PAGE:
Should I Go Green?
Green Certifications Part 1
Today many builders and home buyers are concerned about preserving the environment. With increased attention on the condition of our planet, “green building” has become a sought after choice for homeowners, especially in our market.
But what does green building mean? In its simplest terms, green building is making your home the best it can be. It means increasing your home’s efficiency so it makes better use of things like water, energy, temperature control, and construction materials. It’s about using resources effectively so you reduce the impact of your home on the environment, buying local, and creating a healthy indoor air environment.
While building an environmentally friendly home sounds good to most people, they usually want to know two things: what can I do and how much will it cost me? Let’s address the last question first.
You may have heard that building green is more expensive. While that may be true in some instances, it doesn’t have to be. In today’s market some elements of green building can cost more initially, but many do not, and some even cost less. Factor in energy savings over time and the increased durability of many of the green building products, and any additional up- front cost becomes much easier to justify. Also, some mortgage companies now offer reduced mortgage rates to homes built green, and green homes are worth more than non-certified green homes.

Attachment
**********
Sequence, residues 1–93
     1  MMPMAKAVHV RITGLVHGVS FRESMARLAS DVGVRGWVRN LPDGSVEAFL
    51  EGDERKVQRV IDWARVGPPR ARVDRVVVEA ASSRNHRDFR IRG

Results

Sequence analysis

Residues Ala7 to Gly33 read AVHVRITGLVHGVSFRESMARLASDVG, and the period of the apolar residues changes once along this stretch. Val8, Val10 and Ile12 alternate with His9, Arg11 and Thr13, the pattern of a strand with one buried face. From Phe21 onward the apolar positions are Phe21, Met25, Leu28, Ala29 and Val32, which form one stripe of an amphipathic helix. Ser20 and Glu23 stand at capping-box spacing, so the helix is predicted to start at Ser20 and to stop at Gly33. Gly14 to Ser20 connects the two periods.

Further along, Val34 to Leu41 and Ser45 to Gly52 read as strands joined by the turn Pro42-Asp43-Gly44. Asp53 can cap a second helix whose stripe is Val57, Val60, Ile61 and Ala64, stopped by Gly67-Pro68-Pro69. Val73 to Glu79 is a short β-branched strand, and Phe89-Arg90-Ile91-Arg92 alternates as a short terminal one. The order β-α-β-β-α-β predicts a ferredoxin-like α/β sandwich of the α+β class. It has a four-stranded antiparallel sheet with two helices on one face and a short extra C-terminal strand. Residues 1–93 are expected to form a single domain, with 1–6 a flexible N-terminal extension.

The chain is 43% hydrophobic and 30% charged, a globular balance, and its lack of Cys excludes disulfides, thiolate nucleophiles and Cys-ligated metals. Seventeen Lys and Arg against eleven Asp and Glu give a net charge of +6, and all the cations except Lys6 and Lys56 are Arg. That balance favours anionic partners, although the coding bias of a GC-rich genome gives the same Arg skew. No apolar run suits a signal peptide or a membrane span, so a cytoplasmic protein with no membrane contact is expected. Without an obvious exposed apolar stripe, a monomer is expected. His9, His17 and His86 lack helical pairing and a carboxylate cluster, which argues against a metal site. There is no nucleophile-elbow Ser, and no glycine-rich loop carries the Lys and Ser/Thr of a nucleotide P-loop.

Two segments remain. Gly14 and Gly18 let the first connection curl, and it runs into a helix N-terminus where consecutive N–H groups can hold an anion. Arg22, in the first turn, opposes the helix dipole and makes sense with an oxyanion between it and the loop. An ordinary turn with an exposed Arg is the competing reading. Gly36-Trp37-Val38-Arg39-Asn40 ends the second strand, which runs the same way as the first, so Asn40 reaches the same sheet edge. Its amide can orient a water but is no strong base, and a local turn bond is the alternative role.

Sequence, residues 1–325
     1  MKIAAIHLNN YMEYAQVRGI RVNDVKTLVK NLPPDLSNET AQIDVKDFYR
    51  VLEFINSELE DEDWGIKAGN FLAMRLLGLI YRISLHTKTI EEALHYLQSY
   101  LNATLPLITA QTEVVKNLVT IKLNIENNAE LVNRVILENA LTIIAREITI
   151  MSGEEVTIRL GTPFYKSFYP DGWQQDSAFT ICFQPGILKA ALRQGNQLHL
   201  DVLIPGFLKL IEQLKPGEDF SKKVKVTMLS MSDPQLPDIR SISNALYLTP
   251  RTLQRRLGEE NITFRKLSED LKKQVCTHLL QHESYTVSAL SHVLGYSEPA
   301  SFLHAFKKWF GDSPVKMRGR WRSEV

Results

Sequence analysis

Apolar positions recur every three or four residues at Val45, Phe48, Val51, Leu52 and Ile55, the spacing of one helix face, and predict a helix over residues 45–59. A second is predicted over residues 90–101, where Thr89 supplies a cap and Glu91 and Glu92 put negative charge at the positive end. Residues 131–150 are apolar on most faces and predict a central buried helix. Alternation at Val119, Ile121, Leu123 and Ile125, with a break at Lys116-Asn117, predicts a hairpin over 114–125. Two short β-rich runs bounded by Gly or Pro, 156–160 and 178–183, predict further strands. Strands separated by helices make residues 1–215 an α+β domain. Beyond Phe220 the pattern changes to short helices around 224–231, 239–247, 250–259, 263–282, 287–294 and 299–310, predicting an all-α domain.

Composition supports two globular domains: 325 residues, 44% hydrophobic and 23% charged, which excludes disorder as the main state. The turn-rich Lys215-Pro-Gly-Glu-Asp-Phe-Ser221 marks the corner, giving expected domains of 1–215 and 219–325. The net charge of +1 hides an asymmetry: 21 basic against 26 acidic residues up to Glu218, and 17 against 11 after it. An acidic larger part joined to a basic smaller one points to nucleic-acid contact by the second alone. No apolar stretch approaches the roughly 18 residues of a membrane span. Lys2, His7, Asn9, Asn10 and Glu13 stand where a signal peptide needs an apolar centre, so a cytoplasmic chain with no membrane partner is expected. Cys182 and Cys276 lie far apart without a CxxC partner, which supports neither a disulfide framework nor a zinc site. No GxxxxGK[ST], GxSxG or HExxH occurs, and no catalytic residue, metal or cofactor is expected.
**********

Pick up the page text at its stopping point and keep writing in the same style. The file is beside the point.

To answer the other question, let’s take a look at a few things you can do to make your new home more environmentally friendly.
- Heating and Cooling Equipment: One of the most important things you can do to make your home more “green” is to carefully consider your choice of heating and cooling equipment. The heating/air conditioning system should be built and installed with the highest SEER (Seasonal Energy Efficiency Ratio) rating possible. The greater the SEER rating, the more energy efficient your unit will be. The system should also be sized appropriately to effectively cool or heat your home without being oversized. In fact, it is often better to err on the side of being undersized by half a ton than oversized. (Note: A “ton” is a unit of energy used to measure output. Typically you need about one ton of output for every 400 square feet of your home.) Many builders don’t recommend that you oversize the tonnage of your home’s AC system. The most efficient homes often run on a system designed to be 10 percent smaller than typical installations. A good air system should also be installed with as few bends and connections in the duct work as possible to minimize the risk of gaps and voids.